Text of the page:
HIA inquiry: Sir Anthony Hart to appeal High Court ruling

The Historical Institutional Abuse inquiry is taking place in Banbridge courthouse, County Down The Historical Institutional Abuse (HIA) inquiry is examining claims of abuse at children's homes across Northern Ireland from 1922 to 1995

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The Historical Institutional Abuse inquiry's chairman is to appeal a High Court ruling that he unfairly denied legal representation to a victim.

Sir Anthony Hart's inquiry is examining claims of abuse at children's homes in Northern Ireland from 1922 to 1995.

Earlier this week, the High Court ruled a woman who claims she was molested by a "very high-profile figure" should be granted her own lawyer at the inquiry.

Its chairman, Sir Anthony, has now lodged a challenge to that verdict.

The High Court ruled that a bar had effectively been erected against the woman by the inquiry's refusal to grant her access to her own legal representation.

'Years of abuse'

The woman at the centre of the legal battle is due to give evidence at the ongoing Historical Institutional Abuse (HIA) inquiry at Banbridge, County Down.

It has so far heard from nearly 100 victims and survivors of abuse, most of whom were in the care of the Catholic Church at children's homes in Londonderry and Kircubbin, County Down.

Others were part of a state-approved child migrant scheme to Australia.

The focus has now shifted to the former Nazareth House and Nazareth Lodge in Belfast.

The woman behind the judicial review challenge claims she suffered years of physical, sexual and mental abuse while in the care of the Sisters of Nazareth.

She also separately alleges that she was targeted by an unidentified high-profile figure, but ahead of testifying she applied to have lawyers act for her at public expense.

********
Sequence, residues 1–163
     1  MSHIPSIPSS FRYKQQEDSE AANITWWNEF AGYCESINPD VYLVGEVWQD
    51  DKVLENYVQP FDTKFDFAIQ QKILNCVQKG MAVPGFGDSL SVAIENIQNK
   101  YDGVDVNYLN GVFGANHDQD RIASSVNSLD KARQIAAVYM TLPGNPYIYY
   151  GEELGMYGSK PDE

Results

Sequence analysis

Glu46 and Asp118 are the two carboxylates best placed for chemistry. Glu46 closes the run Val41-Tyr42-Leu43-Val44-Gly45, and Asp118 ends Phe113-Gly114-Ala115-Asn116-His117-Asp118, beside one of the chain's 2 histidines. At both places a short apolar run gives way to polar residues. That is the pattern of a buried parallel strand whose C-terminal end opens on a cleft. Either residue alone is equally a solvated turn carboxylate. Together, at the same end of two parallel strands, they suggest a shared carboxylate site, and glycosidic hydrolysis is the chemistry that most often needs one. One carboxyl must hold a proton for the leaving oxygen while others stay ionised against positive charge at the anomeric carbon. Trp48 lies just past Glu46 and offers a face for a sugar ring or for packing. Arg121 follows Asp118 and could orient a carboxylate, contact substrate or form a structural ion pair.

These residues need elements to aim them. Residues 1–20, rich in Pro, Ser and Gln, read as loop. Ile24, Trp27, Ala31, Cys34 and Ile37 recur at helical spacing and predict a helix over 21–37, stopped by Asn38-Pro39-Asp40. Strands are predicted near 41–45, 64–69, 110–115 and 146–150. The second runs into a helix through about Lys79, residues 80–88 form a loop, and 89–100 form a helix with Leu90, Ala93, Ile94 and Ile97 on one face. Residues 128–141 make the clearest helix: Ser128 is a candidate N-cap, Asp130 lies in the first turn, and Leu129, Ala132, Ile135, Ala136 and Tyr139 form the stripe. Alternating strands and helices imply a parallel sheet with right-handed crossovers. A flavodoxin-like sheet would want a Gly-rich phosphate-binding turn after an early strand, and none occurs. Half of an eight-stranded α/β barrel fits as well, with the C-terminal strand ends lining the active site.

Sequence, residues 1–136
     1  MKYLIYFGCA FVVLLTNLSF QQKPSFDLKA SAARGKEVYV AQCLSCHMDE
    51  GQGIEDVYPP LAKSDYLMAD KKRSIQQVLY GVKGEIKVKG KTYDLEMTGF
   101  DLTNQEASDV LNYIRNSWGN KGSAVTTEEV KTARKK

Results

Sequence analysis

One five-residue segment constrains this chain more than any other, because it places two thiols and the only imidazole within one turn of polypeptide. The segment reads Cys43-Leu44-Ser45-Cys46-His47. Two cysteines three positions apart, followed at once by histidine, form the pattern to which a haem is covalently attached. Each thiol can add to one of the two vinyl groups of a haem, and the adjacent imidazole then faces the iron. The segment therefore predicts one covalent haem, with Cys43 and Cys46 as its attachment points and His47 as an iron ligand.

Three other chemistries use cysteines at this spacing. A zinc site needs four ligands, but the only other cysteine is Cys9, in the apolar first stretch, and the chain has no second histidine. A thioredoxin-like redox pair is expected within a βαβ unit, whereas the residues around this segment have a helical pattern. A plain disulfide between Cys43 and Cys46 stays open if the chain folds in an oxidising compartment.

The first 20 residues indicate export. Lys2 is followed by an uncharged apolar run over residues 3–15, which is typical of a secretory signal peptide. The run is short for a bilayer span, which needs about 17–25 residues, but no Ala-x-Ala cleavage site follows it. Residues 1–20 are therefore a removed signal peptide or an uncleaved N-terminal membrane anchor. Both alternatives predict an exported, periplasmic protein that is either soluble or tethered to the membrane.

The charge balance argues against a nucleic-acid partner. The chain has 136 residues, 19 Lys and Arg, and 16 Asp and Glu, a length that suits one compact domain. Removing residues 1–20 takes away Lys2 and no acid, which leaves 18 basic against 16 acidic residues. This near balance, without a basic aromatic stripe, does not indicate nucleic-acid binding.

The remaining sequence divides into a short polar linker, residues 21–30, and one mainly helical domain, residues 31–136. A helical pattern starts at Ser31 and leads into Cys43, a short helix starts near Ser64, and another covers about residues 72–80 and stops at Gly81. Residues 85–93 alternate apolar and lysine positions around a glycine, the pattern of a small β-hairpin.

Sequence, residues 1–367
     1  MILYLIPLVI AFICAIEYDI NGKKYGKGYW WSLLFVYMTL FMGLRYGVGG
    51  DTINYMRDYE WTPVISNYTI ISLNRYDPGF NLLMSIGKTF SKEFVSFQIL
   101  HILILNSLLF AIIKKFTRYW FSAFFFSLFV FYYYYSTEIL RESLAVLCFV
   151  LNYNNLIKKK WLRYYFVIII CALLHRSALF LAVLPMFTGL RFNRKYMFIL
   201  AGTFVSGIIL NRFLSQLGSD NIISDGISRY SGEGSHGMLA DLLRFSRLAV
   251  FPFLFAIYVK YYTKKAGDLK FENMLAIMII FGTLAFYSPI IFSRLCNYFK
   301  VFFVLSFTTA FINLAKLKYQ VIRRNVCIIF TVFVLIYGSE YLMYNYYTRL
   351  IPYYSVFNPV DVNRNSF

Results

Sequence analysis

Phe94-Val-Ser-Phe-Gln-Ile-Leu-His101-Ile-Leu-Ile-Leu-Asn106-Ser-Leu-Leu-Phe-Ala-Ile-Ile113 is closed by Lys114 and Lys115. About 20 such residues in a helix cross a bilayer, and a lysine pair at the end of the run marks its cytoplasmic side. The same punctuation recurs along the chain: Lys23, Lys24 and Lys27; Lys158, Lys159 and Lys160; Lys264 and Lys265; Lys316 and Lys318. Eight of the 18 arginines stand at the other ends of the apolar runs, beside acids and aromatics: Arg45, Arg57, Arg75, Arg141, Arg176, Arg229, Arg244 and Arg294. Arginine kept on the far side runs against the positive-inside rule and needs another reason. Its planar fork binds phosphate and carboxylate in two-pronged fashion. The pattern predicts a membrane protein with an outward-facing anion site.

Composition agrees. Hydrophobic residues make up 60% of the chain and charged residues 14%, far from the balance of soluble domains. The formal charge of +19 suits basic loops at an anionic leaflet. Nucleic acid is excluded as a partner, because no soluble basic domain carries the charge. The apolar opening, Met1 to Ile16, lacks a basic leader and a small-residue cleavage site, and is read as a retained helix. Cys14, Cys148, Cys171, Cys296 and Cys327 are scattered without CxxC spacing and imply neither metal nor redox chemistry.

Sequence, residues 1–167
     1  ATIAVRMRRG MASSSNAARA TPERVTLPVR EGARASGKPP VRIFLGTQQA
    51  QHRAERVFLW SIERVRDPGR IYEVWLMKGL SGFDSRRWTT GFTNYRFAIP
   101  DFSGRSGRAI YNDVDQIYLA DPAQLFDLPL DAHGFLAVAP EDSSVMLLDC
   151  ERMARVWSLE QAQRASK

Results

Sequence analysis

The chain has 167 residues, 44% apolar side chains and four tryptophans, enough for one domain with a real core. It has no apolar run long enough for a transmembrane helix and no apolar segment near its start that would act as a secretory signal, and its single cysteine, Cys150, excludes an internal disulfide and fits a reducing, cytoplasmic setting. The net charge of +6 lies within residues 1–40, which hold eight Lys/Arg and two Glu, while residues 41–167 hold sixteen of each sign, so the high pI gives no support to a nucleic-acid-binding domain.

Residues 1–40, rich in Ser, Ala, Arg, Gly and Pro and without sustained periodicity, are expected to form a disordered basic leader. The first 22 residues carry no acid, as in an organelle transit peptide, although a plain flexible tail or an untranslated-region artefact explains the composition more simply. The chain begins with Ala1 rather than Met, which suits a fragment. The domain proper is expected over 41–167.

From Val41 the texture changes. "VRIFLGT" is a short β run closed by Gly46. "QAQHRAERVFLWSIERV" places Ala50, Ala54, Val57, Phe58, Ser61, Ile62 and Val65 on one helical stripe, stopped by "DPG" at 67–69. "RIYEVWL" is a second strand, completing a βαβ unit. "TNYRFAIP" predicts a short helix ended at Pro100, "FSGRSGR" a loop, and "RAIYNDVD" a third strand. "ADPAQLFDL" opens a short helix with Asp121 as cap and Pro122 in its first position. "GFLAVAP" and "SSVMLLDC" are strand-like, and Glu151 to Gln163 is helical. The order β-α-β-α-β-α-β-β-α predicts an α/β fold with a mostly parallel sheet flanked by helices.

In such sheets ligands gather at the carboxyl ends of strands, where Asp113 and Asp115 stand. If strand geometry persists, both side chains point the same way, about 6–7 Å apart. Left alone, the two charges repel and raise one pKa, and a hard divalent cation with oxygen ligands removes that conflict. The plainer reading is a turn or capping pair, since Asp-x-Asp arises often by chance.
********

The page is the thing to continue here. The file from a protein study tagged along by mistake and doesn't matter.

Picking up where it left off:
'Unfair advantage'

Sir Anthony, a retired High Court judge, turned down the woman's request after concluding it was not in the public interest because she was unlikely to be criticised during the inquiry or in its report.

Further reasons included the cost to the public purse and her lack of "core participant" status.

In the judicial review challenge to the refusal, it was claimed that Sir Anthony's decision was unlawful and would give an unfair advantage to alleged abusers.

Both those who have been accused of child abuse and the institutions under investigation have been permitted legal representation.

As he delivered the verdict on Tuesday, the High Court judge said: "Why should the perpetrator be placed in a materially more advantageous position in terms of legal representation, especially in circumstances where he already enjoys more participative rights to safeguard his interests?

"Can this objectively and as a matter of public law be regarded as fair?"


He ruled that the HIA inquiry should reconsider woman's request for legal representation and reach a decision in accordance with his ruling.

But now Sir Anthony is seeking to have the ruling overturned and the appeal has been listed for early March.

It is expected that the woman's evidence to the HIA inquiry will be postponed until the appeal is concluded.

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